# Is there any deference between the directional derivatives of isotropic and anisotropic tensors?

I need to calculate an elasticity tensor which can be expressed by the directional derivate of a tensor with respect the other. Is the anisotropy of the tensor affects this derivative and how?

Edit: for clarification:

Assume $$S$$ and $$E$$ are the symmetric spacial stress and strain tensors. If for the variation of the displacement $$\delta u$$ we assume: $$u_{\epsilon} = u + \epsilon\delta u$$ for any small amount of $$\epsilon$$, then the elasticity tensor can be used by the chain rule:

$$\frac{\mathrm d S}{\mathrm d E} = \frac{\partial S}{\partial E}\frac{\mathrm d E}{\mathrm d \epsilon}$$

I suspect that the above equation is also applicable for the anisotropic models because the variation of displacement for these materials can be defined only in certain directions. Is that right?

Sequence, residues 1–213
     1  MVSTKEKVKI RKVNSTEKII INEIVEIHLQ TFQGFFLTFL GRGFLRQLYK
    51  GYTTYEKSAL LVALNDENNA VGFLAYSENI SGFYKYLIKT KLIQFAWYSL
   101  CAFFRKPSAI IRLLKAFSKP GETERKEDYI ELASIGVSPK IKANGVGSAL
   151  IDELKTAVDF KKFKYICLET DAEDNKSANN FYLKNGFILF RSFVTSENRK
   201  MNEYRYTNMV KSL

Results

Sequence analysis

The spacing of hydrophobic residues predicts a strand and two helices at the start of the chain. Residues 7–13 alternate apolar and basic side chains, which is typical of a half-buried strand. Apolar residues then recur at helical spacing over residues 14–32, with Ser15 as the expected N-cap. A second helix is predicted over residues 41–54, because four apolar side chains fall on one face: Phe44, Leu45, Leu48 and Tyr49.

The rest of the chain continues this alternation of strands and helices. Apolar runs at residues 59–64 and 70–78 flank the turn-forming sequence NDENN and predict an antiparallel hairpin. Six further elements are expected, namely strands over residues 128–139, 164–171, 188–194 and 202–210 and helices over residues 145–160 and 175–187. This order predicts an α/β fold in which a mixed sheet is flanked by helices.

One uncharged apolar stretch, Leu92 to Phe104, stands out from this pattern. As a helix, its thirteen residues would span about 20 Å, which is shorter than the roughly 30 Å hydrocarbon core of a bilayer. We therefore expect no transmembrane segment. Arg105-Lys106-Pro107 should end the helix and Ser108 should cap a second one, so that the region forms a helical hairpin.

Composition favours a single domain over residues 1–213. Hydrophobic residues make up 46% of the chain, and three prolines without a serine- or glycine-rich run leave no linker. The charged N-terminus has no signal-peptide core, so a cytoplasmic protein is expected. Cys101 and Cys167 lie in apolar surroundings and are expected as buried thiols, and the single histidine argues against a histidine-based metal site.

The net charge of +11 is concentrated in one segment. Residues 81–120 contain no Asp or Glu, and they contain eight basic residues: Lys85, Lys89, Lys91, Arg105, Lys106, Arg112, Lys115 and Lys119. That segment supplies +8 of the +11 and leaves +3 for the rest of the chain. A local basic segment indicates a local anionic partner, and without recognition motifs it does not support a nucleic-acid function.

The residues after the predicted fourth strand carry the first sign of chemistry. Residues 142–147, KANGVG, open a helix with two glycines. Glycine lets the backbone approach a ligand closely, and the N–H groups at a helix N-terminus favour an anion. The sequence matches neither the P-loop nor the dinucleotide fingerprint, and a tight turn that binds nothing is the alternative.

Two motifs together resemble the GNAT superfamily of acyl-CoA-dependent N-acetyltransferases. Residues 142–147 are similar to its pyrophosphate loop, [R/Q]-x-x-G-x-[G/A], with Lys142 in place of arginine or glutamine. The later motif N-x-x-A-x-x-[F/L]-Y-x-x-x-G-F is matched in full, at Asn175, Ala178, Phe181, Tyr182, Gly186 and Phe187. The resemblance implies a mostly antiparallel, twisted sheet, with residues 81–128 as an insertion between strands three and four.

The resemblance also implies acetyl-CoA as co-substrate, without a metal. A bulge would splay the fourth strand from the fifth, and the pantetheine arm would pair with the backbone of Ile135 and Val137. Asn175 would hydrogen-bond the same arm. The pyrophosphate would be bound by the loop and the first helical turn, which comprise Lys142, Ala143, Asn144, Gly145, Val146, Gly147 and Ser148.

• Can you write mathematically what you are trying to do? – nicoguaro Apr 3 at 15:37
• @nicoguaro edited. – Shayan Apr 4 at 17:04
• I don't see any tensor that might be called "elasticity tensor" in your expression. – nicoguaro Apr 4 at 17:06
• @nicoguaro $\frac{\partial S}{\partial E}$ here is called the elasticity tensor in many publications, for example: link.springer.com/10.1007/s00033-016-0623-5 – Shayan Apr 4 at 17:08

If we assume that there is an energy density function $$U$$, then we have

$$S_{ij} = \frac{\partial U}{\partial E_{ij}}\, ,$$

where $$S$$ and $$E$$ are thermodynamically conjugated, i.e., their product represents work done to deform the body.

For small strains, we can use a Taylor expansion and conclude that we can write the stiffness tensor as

$$c_{ijkl} = \frac{\partial^2 U}{\partial E_{ij} E_{kl}} = \frac{\partial \sigma_{ij}}{\partial E_{kl}}\, .$$

This is described in the Wikipedia's article for Hooke's law.

Answering your question, this expression is valid independently of the symmetries of the material (anisotropy).

## References

1. James Doyle and C.T. Sun (2007). Theory of Elasticity, Purdue University.